Is Racism Haram in Islam?

Syed Bukhari

Updated on:

Is Racism Haram in Islam?

Racism is a complex issue that pervades societies worldwide, extending beyond social and political realms. It seeps into the fabric of communities, emotionally and mentally impacting individuals, and even influencing them spiritually. On the Arabian Tongue website, we explore the pressing question – is racism haram in Islam? By examining religious views, ethical implications and global efforts against this deep-rooted problem, we gain valuable insights.

Islam’s Stance Against Racism

Islam, as a religion, stresses equality, justice and unity across humanity. Its teachings directly condemn racism, providing guidance for Muslims combating prejudice. Here are some of the key ways Islam contributes to fighting racism:

  • Equality Before Allah: Islam says all people, regardless of race or status, are equal before Allah. The Quran emphasizes this in verse 49:13 – “Indeed, the most noble of you in the sight of Allah is the most righteous.”
  • Prohibiting Racism: Islam strictly forbids racism and discrimination, as the Prophet Muhammad said in his last sermon that no Arab is superior to a non-Arab.
  • Unity Above Differences: Islam encourages brotherhood amongst believers that transcends racial divides. Muslims are taught to support each other regardless of background.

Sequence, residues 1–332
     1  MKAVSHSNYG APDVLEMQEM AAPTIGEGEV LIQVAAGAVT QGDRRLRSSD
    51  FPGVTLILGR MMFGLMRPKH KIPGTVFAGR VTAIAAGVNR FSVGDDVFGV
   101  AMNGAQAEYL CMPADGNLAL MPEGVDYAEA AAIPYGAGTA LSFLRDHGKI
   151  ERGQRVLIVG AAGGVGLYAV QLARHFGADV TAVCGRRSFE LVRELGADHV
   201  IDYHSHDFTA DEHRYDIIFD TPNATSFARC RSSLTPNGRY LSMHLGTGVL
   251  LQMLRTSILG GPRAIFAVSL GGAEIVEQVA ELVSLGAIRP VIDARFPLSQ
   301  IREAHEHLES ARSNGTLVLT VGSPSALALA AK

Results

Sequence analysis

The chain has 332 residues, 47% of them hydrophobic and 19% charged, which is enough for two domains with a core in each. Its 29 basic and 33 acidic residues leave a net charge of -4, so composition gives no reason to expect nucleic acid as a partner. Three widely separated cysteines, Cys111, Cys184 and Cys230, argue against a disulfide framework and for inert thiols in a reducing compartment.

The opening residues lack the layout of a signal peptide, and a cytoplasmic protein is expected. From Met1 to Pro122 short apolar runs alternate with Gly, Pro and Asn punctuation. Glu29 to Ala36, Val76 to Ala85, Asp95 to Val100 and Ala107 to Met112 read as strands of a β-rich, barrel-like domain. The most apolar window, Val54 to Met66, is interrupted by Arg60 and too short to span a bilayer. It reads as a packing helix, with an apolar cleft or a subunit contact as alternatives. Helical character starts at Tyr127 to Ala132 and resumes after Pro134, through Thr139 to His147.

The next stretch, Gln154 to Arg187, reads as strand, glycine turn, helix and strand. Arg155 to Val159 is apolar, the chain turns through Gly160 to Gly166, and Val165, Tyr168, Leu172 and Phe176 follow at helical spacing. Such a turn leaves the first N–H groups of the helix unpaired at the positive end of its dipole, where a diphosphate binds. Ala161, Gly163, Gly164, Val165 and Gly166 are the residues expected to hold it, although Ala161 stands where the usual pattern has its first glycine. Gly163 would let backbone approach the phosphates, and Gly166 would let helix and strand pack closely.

• Pursuing Social Justice: Islam mandates standing against injustice and oppression, including racial injustice. Working towards an equitable society is a religious obligation.
  • Inspiring Examples: Islamic history contains diverse, racially harmonious Muslim communities. The Prophet had close companions from varying backgrounds.
Prohibiting Racism: Islam strictly forbids racism and discrimination, as the Prophet Muhammad said in his last sermon that no Arab is superior to a non-Arab.

Quranic Verses Denouncing Racism

Several Quran verses highlight Islam’s opposition to racism and value for human equality:

  • O humankind! We created you from a man and woman and made you into nations and tribes so that you may know one another. The noblest of you in the sight of Allah is the most righteous.” (49:13)
  • “The best provision is righteousness. So fear Me, you who are wise.” (2:197)
  • “And fear Allah, through whom you ask one another, and the wombs. Verily, Allah is ever watchful over you.” (4:1)